Timing is everything. Especially when it comes to change.
These days, most online merchants know the benefits of payment gateways. They improve customer service, protect your customers’ data, and manage issues like chargebacks and insufficient funds. In fact, it’s becoming almost impossible to process online payments effectively without the right payment gateway.
However, with that said, you need to be prepared to have a solution for the problems that payment gateway software causes in your payment reconciliation process. For example, maybe your web store transactions live in a different system than your ERP. So even if you’re able to sync the systems, you run into other questions, such as:
- Are all the orders properly transferring from my web server to my ERP?
- Are all those orders being accurately paid out by my payment service provider?
- And what kind of fees does that service incur?
- How can I track an individual transaction that has already been paid out and reconciled?
In an ideal world, you probably want to find solutions for these questions the minute they arise–or, preferably, even before any of these complications occur.
But that isn’t always possible. Why?
Because a payment service provider is one of the first elements online businesses install. And that means you’re probably going to run into payment processing problems almost immediately. So even though your payment reconciliation system is showing signs of strain, you have to time your changes and upgrades carefully, before the tipping point.
Because if you make those changes too early, you could find yourself bogged down with training and implementation on features that your team has no need for yet–if at all.
But wait too long and you might already be struggling with pretty expensive mistakes that require all your resources and a lot of panicked scrambling to fix.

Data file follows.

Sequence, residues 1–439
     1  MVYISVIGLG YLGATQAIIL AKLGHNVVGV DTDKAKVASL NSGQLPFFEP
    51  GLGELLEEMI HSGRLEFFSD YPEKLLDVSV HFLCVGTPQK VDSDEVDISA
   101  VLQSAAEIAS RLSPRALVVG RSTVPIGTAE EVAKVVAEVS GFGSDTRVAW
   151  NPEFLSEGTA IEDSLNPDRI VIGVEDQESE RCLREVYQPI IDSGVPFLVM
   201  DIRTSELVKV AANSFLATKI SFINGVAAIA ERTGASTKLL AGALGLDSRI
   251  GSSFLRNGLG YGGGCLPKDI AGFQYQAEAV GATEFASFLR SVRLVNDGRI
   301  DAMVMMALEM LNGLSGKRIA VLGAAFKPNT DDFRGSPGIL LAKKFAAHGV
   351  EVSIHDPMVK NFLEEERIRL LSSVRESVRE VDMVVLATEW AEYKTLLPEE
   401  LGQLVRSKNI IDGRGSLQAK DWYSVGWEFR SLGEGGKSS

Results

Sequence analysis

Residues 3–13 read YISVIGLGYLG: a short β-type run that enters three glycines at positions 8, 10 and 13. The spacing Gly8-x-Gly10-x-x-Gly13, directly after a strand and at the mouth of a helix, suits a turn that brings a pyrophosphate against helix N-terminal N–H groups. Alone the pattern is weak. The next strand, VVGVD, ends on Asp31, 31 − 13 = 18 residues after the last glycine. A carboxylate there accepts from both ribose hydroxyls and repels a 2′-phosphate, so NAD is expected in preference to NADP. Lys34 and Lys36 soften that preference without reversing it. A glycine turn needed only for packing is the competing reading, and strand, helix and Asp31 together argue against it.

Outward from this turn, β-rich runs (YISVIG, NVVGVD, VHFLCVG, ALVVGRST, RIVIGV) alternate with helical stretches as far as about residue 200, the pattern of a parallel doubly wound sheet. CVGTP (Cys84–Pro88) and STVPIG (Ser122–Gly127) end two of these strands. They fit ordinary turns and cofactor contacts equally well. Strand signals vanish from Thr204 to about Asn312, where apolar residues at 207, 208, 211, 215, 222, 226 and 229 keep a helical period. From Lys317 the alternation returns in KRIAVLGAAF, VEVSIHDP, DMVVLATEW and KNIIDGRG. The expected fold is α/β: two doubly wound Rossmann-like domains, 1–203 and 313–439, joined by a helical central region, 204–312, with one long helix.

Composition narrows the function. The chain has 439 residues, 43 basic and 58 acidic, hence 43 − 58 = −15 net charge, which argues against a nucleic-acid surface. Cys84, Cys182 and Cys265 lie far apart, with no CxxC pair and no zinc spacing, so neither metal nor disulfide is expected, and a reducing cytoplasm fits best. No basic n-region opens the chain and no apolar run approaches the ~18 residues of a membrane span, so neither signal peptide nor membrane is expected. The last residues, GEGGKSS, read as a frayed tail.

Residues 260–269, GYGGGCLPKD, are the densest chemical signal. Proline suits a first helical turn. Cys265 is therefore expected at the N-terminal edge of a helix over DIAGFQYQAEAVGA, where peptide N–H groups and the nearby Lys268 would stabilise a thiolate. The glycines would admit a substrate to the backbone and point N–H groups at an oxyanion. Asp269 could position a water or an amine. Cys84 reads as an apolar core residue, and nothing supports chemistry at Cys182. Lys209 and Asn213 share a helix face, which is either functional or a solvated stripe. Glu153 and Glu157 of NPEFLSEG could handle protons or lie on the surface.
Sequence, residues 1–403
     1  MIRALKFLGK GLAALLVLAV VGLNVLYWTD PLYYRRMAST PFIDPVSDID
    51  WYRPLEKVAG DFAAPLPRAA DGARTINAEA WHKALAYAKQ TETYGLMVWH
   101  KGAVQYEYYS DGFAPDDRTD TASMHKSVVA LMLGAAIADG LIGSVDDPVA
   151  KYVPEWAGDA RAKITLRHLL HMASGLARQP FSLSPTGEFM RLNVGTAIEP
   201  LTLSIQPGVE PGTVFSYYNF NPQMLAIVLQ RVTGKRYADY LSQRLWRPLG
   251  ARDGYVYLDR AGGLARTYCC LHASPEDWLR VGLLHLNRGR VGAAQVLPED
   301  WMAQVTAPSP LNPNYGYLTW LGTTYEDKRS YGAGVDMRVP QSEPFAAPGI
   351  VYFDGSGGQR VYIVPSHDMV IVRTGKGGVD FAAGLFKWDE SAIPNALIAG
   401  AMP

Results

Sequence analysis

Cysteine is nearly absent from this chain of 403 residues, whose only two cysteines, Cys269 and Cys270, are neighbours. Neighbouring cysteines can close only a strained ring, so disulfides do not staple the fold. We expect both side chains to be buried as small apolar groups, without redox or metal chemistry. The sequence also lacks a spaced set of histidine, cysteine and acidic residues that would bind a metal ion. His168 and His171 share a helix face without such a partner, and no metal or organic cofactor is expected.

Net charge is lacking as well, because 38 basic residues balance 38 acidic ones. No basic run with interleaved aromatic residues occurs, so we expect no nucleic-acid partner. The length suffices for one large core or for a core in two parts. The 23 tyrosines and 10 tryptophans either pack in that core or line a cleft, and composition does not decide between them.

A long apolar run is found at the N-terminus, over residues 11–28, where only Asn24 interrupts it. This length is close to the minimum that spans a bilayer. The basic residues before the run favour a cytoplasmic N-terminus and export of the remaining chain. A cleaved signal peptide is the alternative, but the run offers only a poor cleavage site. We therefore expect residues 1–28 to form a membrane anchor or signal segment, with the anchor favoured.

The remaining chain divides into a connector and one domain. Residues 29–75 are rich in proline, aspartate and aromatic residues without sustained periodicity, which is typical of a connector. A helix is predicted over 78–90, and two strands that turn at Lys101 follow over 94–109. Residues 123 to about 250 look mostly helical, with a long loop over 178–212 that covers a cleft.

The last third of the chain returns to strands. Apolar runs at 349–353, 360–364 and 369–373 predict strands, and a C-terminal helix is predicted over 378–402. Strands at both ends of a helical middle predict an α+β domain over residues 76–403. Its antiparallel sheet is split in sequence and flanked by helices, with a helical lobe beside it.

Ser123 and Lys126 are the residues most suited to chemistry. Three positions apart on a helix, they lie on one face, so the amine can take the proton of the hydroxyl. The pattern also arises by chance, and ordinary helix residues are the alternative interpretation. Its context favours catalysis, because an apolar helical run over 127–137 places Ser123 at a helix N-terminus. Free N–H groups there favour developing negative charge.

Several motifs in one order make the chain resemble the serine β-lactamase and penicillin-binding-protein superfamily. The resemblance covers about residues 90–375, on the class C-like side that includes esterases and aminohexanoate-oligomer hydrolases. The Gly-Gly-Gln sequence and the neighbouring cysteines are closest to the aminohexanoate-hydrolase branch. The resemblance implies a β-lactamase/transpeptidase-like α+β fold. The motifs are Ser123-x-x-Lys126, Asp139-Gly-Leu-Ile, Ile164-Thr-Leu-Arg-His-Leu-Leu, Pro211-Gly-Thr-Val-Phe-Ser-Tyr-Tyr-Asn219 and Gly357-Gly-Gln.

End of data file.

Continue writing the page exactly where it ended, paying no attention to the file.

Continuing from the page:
So how do you know where that tipping point is? What factors indicate that it’s the best time to change your payment reconciliation process?
Well, there are a couple of things to consider.
One is when your focus is clearly shifting from go-to-market to a more forward-thinking strategy. You’re now at that stage where you need access to order-level details, sales per day or week, or details of which products were sold.
In other words, it’s not enough just to monitor the end-of-the day lump sum from payment gateway reports. What you need now is organized, real-time transactional data to make those decisions.
And if the data you want isn’t available or is full of discrepancies, or too difficult to access to find because it’s all located in different systems, that’s a sure sign that your payment reconciliation process isn’t cutting it anymore and that immediate changes are necessary.
The second factor to look out for is that despite company growth, too many accounting tasks are still being done manually. Sure, the payments are being reconciled, but it’s a tedious process that takes hours because it’s still being done on Excel spreadsheets.Your payment processing methods are just not scaling with your business, and the only thing that’s growing is the backlog of other projects that your accounting team never seems to be able to get to.
Adding a new link to your workflow chain is almost definitely going to come with its challenges. But red flags could indicate it’s the right time to upgrade your payment reconciliation process. Automating your payment reconciliation process is just the first step. You need long-term solutions that work for future issues as well as the current payment reconciliation problems you’re facing. That might mean anything from creating or implementing a new payment tracking workflow, further consolidating your payment reconciliation methods, analyzing your current and future staffing needs or implementing a new training curriculum.
It’s not always easy to hit that sweet spot between making changes too early (and slowing down growth) or too late (when problems are already causing chaos). But if you’re alert and ready for change, you can minimize any reconciliation issues that your payment gateway might be causing.
And that means more than avoiding future problems. It means you’re setting up a system of operational efficiency and accurate forecasting that can support future improvements for your financial team.
It’s the difference between coping with trouble and speeding towards more growth.
And who doesn’t want growth?